Many authors have in recent work suggested using nominal sets as a framework for modelling local store because this allows for a more elementary development than the traditional presheaf models. However, when modelling the important principle of relational reasoning for local store all these models use families of relations indexed by relations on store, and thus essentially return to presheaf models on the relational level. In this paper we show how relational reasoning can also be modelled using nominal sets. Building on a model suggested by Pitts and Shinwell we construct a relational model for local store in nominal sets in which types are interpreted as relations. These relational interpretations of types capture, in a single relation for each type, the relational reasoning principle for local store which in previous models was captured using a family of relations for each type. The relational model also demonstrates how the relations constitute a model in their own right, which hopefully means that they can be used to construct better models. Using the relational model we construct a relational parametricity principle for the operation allocating local store, and we show how this implies the relational reasoning principle.

A name abstraction functor for named sets

By Vincenzo Ciancia and Ugo Montinari, from CMCS 2008, available from Vincenzo Ciancia’s website:

The problem of dening fully abstract operational models of name passing calculi has been given some elegant solutions, such as coalgebras over presheaf categories or over nominal sets. These formalisms fail to model garbage collection of unused names, hence they do not have nice properties with respects to finite state algorithms. The category of named sets, on the other hand, was designed for the purpose of supporting ecient algorithms to handle the semantics of name passing calculi. However the theory was developed in a rather ad-hoc fashion (e.g. the existence of a final coalgebra was only proved in the finite case). In this work we introduce a name abstraction functor for named sets and show that it provides a simple and effective notion of garbage collection of unused names. Along the way, we survey a number of needed results on the category of permutation algebras, an algebra-theoretic denition of nominal sets. In particular we give a formalization of the adjunction between abstraction and concretion, an example illustrating a nominal syntax alike handling of De Bruijn indexes, and an explicit functor to model the early semantics of the π -calculus in nominal sets.

Reasoning with higher-order abstract syntax and contexts

By Amy Felty and Brigitte Pientka, from ITP 2010, available from Amy Felty’s website:

A variety of logical frameworks support the use of higher-order abstract syntax (HOAS) in representing formal systems given via axioms and inference rules and reasoning about them. In such frameworks, object-level binding is encoded directly using meta-level binding. Although these systems seem superficially the same, they differ in a variety of ways; for example, in how they handle a context of assumptions and in what theorems about a given formal system can be expressed and proven. In this paper, we present several case studies which highlight a variety of different aspects of reasoning using HOAS, with the intention of providing a basis for qualitative comparison of different systems. We then carry out such a comparison among three systems: Twelf, Beluga, and Hybrid. We also develop a general set of criteria for comparing such systems. We hope that others will implement these challenge problems, apply these criteria, and further our understanding of the trade-offs involved in choosing one system over another for this kind of reasoning.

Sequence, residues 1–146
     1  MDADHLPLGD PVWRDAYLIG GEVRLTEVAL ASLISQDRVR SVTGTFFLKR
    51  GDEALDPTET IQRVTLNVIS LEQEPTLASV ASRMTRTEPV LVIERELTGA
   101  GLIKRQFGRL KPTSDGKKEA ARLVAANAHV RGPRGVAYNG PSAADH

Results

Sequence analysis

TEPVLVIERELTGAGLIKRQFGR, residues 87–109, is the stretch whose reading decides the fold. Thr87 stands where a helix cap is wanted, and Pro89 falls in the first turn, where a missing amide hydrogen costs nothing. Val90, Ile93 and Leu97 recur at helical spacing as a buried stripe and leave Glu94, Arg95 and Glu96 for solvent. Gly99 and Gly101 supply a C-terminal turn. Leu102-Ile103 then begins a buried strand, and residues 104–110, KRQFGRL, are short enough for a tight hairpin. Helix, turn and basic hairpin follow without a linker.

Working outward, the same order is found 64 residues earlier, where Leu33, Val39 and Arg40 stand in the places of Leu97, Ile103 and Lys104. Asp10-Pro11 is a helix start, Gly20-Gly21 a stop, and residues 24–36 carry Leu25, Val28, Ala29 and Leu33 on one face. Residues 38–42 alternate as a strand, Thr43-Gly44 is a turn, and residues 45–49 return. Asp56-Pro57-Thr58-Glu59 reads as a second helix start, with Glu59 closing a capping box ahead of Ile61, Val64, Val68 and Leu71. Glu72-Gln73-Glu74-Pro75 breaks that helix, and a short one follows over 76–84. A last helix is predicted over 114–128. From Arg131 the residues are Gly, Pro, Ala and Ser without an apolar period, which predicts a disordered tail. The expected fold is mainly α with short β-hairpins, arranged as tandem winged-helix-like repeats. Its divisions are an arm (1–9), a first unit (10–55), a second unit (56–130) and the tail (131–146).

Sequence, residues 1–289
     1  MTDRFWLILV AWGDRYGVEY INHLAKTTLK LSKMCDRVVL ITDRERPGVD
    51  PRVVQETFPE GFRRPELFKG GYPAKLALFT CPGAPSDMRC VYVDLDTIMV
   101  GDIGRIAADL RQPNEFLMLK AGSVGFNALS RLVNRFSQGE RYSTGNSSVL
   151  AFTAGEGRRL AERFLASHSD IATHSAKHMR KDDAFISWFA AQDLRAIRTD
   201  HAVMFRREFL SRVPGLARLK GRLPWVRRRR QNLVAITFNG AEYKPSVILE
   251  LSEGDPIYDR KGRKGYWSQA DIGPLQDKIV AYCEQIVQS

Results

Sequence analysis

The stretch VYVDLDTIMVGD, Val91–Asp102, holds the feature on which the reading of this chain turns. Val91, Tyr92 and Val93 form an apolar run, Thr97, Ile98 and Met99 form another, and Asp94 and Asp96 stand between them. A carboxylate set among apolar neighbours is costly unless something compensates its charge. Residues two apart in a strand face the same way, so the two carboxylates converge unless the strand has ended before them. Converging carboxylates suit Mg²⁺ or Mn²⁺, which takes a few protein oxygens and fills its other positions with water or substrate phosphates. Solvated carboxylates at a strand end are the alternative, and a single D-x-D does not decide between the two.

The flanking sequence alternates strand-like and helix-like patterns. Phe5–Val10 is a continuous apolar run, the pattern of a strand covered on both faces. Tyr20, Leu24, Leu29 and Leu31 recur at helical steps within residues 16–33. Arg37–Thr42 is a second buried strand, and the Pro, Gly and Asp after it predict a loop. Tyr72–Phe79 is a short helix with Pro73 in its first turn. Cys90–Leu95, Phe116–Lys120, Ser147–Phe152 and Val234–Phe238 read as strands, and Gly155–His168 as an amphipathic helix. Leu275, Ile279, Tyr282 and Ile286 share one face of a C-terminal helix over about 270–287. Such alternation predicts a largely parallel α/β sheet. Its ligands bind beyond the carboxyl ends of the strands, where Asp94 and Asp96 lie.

Associated proof scripts can be found here.

Nominal domain theory for concurrency

By David Turner and Glynn Winskel, from CSL 2009, available from Glynn Winskel’s website:

This paper investigates a methodology of using FM (Fraenkel-Mostowski) sets, and the ideas of nominal set theory, to adjoin name generation to a semantic theory. By developing a domain theory for concurrency within FM sets the domain theory inherits types and operations for name generation, essentially without disturbing its original higher-order features. The original domain theory had a metalanguage HOPLA (Higher Order Process Language) and accordingly this expands to a metalanguage, Nominal HOPLA, with name generation (closely related to an earlier language new-HOPLA). Nominal HOPLA possesses an operational and denotational semantics which are related via soundness and adequacy results, again carried out within FM sets.